Container Shipping Companies reduce capacity by 7.4 % - longer port laytimes also helps
Along with longer port laytimes and evermore lower voyage speeds container shipping companies reducing continuously the transport capacities. In order to tone down, to increase the round-trip time and to lift the rate level vessels reduce their speed. Since beginning of 2009 a total of 1.27 million TEU capacities have been taken off the market, says the actual market report of the branch service Alphaliner. During the last twelve months alone it has been 260 000 TEU. A further instrument played an important role: shipping owner extended their port laytime, inter alia because the meanwhile larger vessels need more clearance times. Together with the longer round-trip times it was possible to absorb 7.4 % of the existing fleet. According to Alphaliner it has been 6.2 % last year.
Speed will be reduced evermore. After Slow Steaming with speeds around 18 knots came Extra Slow Steaming and Super Slo... [More]
What to do when the tanker markets are depressed? Maersk Tankers has taken a hard look at bunker fuel consumption, which on their Very Large Crude Carriers (VLCC) makes up about 85% of the voyage costs. They found that the key to improve earnings is super slow steaming, which they’ve taken to a whole new low with giant VLCC’s ambling over the oceans at speeds as slow as 8.5 knots.Super slow steaming requires engine load to be decreased down to 10%, which is equivalent to 50% speed, but the company recently decided to further economise on fuel consumption (and not by reducing the speed of its ships yet more) with the retrofit of a Variable Turbine Inlet system (VTI) onboard the 318,000 dwt crude oil carrier Maersk Ingrid. Manufacturers, Mitsubishi Heavy Industries Marine Machinery & Engine (MHI-MME) say that their VTI turbocharger system has been been fitted to more than ten new buildings, but never before retrofitted to an existing unit, a job that took just four days d... [More]
De-rating of prime mover reduces fuel consumption
In today’s environment of slow steaming, a permanent engine reduction can increase remarkably the economy of existing vessels and reduce the fuel consumption under these new engine load conditions. Main engines are normally designed for a specific high speed. However, for Slow-Steaming another Power-Speed-Course is decisive. A throttling of the engines reduces the engine specific maximal continuous power (MCR) and with this, the designed maximal speed of the vessel permanently. This leads to a higher economy with lower specific fuel consumption (sfoc).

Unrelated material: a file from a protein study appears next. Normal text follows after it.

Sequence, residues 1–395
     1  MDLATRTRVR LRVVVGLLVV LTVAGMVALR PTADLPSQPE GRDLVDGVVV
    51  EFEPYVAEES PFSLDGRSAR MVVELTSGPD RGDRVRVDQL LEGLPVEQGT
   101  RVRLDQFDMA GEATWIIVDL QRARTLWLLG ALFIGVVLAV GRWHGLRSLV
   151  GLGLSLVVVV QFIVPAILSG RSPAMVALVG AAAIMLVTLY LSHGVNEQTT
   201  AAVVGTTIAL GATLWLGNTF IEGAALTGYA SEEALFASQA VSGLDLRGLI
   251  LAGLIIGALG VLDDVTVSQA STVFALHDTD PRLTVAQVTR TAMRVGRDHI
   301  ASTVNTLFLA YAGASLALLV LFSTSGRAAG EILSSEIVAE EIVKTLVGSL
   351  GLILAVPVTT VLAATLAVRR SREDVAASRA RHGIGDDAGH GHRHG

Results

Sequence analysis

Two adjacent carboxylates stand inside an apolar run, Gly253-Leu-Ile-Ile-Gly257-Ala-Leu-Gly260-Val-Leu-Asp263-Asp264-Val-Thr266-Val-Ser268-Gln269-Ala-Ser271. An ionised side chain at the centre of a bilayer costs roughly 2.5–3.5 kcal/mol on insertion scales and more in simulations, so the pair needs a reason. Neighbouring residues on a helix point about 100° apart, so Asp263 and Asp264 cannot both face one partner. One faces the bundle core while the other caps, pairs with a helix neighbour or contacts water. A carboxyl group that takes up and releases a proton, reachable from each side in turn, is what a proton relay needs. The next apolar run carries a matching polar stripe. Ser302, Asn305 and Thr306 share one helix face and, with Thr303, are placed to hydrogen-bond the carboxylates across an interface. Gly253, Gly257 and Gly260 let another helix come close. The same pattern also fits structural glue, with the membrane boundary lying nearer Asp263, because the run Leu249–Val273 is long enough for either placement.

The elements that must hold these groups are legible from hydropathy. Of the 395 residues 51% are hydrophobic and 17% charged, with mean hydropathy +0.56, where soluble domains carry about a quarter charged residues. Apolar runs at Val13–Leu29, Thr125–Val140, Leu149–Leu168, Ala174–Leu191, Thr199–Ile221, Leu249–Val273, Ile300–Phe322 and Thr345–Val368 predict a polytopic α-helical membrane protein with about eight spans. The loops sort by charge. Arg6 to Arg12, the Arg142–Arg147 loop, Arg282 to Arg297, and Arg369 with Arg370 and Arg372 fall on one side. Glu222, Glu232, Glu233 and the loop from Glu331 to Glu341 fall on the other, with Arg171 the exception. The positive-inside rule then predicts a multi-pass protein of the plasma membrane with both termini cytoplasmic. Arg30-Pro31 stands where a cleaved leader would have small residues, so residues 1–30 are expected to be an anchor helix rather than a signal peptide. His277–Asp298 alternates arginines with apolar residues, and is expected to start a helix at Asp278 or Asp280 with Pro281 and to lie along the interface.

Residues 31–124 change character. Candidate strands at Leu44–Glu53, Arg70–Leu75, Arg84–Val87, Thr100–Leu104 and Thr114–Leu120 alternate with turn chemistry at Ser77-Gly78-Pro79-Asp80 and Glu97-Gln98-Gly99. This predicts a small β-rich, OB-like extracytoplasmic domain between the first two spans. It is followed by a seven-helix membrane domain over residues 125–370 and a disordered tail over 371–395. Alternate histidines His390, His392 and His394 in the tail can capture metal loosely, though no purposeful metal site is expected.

MV Cap San Nicolas (9.600 TEU) in service since May 2013
Measures for throttling include the modification of the injectors, plates between crosshead and piston rod as well as a new set-up of the turbo charger. This means, that always the engines technical data have to be changed. In addition also cylinders can be cut-off - this has to be done in connection with a new torsional vibr... [More]
At slow steaming cold corrosion can occur – Castrol sees concerns by specifications given from the engine manufacturers confirmed.
Many shipping owners go for slow steaming. But to avoid long term damages by slow steaming particular adjustments must be done. One aspect is the use of optimized lubricating oils. A possible problem is cold corrosion. The lubricating oil manufacturer, e.g., Castrol Marine assumes that, during slow steaming, cold corrosion can happen if lube oils with lower base numbers (BN) come together with fuels with higher sulphur content. “We always point out that oils with lower BN are unsuitable for slow steaming with modern diesel engines. Both market leading OEM’s have now created specific guide lines, which go along with our experiences”, says Castrol manager Paul Harrold. They recommend their customers to coordinate the use of lube oils with engine type and working conditions. Last May Castrol presented some case studies. These figures un... [More]
DNV has gathered before and after operational-performance data which indicate that redesigning the bulbous bow of slow-steaming container ships can produce fuel savings of 5 per cent or above. These ‘nose jobs’ can have a payback time of less than a year.
Hyundai Merchant Marine (HMM) operates a series of 8,600 TEU container vessels which were designed and built for high speed. These vessels are actually able to operate at 27 knots. However, today the vessels are “slow steaming”, operating in the range of 15 to 18 knots. At these speeds, the existing bulb is not efficient.
In order to quantify the possible savings potential, DNV carried out a comprehensive study to develop a new bulbous bow shape optimised for the expected trading conditions. A cost-benefit assessment was conducted based on the estimated savings and this created the basis for HMM to go ahead with a conversion.
Based on input from DNV, Daewoo Ship Engineering Company (DSEC) carried out the struc... [More]
Ocean-going ships, presently in an excess for the amount of cargo to be lifted, increasingly steam at slower speeds in order to save expensive fuel oil bunker costs; better that than to be laid up reckon shipowners.
Photo courtesy of Maersk Line
The problem is that large marine diesel engines are not designed to operate below 85% power for long periods without harmful effects; effects best ameliorated by getting lubricating oil of the right specs. After a quick look at lubricating oil solutions, a handy little device to check cylinder performance is spotlighted.Marine Diesel Engines & Slow SteamingExperts at Castrol Marine drew on OEM reports and their own engine performance tests to analyse the effects of slow steaming on engine performance, finding that the oil-feed rate as well as a lower engine operating temperature had a bearing on the amount of corrosion caused on piston rings and cylinder liners.At lower loads, the cylinder oil’s feed rate is reduced, making ... [More]